- The Washington Times - Monday, March 11, 2002

When I was a kid, once, I got my hands on a Dymo labeler you know, the thing with a metal dial you used to spell out words, embossed one character at a time on plastic tape. I had fun for hours, although my father wasn't overly pleased with the amount of tape consumed or the ensuing mess.
Call me weird, but I'll bet you (or someone in close proximity to you) had the same fun. Maybe more than once.
Those labelers are still around, in a modified form: they require batteries now, have miniature keyboards and print, not emboss, characters on various kinds of labeling tape. Such is progress, I guess.
One happy byproduct of the change in Dymo's products is the Dymo LabelWriter 330 Turbo, a $250 device that hooks up to your PC or Mac via the USB port and can produce labels from more than 40 different styles, including, the maker says, "address, Internet postage, shipping, file folder, disk, video, name badge, cassette, [and] ZIP disk" labels.
Dymo, like any conscientious seller, promotes its products and does so well at a Web site, www.dymo.com. That's also the place to download a free copy of the firm's "Address Fixer" utility, which works with Microsoft Word, Outlook and several other programs to check and correct domestic mailing addresses with the U.S. Postal Service's preferred nomenclature and ZIP-Plus-4 mailing codes.
But no amount of hype could prepare me for the absolute delight that the LabelWriter 330 Turbo turned out to be. Setup is incredibly simple, operation a breeze, and the results are stunning, almost beyond description. If you do anything at work, home or in a home office that involves mailing, postage, labeling, addressing, the simple fact is that you must you really must get to a store and check this product out carefully. It could end up changing your life.
Setup involved loading and configuring the software (in my case, using Windows XP, it was a two-step download from the Dymo Web site, then installing first the drivers for the device and then the labeling software itself. Attach the label printer to the USB port (a serial option is also available), load some labels and you're ready to go.
In loading labels, the process is about as simple as it gets: put the desired roll on a spool and drop it in much like the "set-it-and-forget" process TV pitchman Ron Popeil uses in selling his rotisseries. The labels feed into a slot containing the thermal print head and can be advanced by one label with a front panel button or removed by lifting a switch on the inside. Writing about these steps is more complicated than the actual process, making it easy to switch labels without major waste.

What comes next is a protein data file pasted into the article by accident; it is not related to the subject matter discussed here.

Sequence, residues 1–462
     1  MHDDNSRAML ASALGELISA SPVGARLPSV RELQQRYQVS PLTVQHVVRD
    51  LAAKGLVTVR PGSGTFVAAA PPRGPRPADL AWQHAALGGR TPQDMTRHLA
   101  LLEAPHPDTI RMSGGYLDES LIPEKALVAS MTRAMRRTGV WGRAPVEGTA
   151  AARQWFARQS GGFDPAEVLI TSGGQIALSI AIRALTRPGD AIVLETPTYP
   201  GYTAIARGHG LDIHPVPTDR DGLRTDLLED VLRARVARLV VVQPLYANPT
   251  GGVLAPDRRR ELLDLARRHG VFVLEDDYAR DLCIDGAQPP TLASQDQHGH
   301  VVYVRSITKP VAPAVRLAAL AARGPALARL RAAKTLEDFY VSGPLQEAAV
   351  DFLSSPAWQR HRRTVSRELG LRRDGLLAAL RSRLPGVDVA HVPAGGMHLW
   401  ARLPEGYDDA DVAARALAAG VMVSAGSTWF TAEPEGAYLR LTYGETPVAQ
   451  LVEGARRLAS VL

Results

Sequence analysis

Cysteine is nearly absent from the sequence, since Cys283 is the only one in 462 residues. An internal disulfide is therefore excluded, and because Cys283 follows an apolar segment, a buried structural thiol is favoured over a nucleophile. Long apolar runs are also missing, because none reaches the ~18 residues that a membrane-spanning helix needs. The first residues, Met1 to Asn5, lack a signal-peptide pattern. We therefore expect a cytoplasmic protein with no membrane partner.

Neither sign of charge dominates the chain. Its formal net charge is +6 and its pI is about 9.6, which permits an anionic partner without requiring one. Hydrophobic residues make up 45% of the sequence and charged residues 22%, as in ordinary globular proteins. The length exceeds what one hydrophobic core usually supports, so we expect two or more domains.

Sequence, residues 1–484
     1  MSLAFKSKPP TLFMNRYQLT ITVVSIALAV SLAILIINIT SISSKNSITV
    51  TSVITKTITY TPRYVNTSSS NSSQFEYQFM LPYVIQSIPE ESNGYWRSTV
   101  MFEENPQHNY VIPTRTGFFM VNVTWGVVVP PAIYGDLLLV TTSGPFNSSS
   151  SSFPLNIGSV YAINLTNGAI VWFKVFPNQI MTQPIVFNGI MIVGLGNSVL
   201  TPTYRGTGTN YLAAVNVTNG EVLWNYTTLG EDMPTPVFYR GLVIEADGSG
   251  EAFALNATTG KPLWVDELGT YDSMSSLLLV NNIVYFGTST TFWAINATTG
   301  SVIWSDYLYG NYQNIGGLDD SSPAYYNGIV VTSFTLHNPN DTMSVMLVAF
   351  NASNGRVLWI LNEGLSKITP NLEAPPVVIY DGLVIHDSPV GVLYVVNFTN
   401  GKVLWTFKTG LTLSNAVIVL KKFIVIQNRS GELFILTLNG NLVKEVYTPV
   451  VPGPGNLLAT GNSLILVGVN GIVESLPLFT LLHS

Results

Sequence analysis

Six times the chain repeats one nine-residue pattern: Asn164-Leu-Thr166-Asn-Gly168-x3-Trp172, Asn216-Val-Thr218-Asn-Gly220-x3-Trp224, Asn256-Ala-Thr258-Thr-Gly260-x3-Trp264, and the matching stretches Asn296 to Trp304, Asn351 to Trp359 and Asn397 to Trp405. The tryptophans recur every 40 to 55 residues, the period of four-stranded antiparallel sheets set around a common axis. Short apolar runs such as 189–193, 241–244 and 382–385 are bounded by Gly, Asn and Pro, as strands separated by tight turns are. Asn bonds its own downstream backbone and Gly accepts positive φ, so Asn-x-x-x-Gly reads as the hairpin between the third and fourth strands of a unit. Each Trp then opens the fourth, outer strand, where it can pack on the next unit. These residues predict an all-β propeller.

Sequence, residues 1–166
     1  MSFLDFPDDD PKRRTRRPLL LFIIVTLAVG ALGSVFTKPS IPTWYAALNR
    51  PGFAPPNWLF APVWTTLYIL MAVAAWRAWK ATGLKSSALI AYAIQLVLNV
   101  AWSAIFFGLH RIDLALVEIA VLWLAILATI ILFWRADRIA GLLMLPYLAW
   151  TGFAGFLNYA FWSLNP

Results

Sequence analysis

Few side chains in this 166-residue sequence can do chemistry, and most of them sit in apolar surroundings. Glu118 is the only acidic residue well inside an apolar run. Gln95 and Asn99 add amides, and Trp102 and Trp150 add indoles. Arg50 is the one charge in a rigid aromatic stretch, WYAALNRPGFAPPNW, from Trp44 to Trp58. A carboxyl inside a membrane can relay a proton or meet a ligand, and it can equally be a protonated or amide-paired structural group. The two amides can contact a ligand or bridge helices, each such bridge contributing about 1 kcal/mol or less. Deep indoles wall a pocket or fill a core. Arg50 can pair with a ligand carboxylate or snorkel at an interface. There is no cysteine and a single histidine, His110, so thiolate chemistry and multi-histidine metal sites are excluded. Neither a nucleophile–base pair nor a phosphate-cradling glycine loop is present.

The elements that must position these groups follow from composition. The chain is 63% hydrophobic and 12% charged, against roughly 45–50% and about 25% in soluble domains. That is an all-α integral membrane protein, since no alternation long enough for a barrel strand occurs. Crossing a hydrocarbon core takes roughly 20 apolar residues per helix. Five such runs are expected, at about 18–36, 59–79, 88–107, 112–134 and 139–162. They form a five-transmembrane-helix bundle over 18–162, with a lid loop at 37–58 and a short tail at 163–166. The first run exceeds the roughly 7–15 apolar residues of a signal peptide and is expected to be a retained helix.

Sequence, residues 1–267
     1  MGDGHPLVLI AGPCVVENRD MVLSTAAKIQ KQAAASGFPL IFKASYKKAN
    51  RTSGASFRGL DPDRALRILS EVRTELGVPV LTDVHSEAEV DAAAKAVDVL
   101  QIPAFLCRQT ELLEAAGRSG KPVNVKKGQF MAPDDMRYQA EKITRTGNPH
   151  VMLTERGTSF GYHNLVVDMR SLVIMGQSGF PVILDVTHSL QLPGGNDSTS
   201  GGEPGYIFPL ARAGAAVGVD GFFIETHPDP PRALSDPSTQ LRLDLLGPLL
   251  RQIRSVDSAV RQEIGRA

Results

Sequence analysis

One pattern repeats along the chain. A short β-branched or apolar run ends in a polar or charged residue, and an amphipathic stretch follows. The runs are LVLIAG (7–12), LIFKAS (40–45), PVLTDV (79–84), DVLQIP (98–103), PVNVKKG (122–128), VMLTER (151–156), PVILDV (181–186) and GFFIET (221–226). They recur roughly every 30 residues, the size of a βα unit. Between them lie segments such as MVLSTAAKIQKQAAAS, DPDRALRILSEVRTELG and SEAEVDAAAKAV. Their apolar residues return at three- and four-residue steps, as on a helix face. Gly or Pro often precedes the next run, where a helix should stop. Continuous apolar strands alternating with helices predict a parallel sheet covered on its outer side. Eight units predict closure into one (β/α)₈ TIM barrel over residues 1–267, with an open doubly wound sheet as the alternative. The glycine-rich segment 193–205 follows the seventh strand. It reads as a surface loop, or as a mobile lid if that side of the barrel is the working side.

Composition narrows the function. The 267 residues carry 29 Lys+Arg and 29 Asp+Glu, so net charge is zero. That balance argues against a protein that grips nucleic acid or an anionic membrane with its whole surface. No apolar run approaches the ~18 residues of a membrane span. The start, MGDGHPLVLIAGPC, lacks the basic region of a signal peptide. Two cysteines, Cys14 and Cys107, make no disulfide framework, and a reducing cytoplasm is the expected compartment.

Once loaded, the fun begins: print a label and you'll see black-ink characters that are as sharp as anything coming from the 1200-dpi Samsung ML-1450 laser printer that sits on my desk. Yet, the Dymo LabelWriter 330 Turbo uses no ribbon, no ink cartridge, no laser toner, nothing other than thermal heat to "burn" the image into the label, yet does so with such clarity that it's amazing.
Within seconds of setting up the Label Writer I was printing an address label with a perfect, PostNet bar-coded address; within minutes, I was churning out "Internet postage" from Stamps.com in a three-part label containing my return address, the recipient's address and the postage indicia, all of which conform to USPS standards. There was no need to take whatever paper was in my printer out to insert a sheet of labels, no worry about the labels misprinting, no hassles at all: the LabelWriter worked quickly and cleanly.
The software supplied with the Dymo LabelWriter is easy to follow, and contains an abundance of templates for the various label types. Of perhaps particular interested in security-conscious Washington these days is the ability to integrate pictures and names into visitor labels or badges, and Dymo offers labels that are valid for 24 hours from printing, after which an "expired" symbol appears.
Available online from Dymo as well as at Washington-area stores including Micro Center, Office Depot and Staples, this is a product bound to delight many, making their work easier. It's earned a permanent spot on my desk, as I suspect it will on many.

Write to Mark Kellner in care of The Washington Times, Business Desk, 3600 New York Ave. NE, Washington, DC 20002; send e-mail to [email protected], or visit the writer's Web page, www.kellner2000.com. Talk back live to Mr. Kellner on www.adrenalineradio.com every Friday from 5 to 6 p.m. EST.

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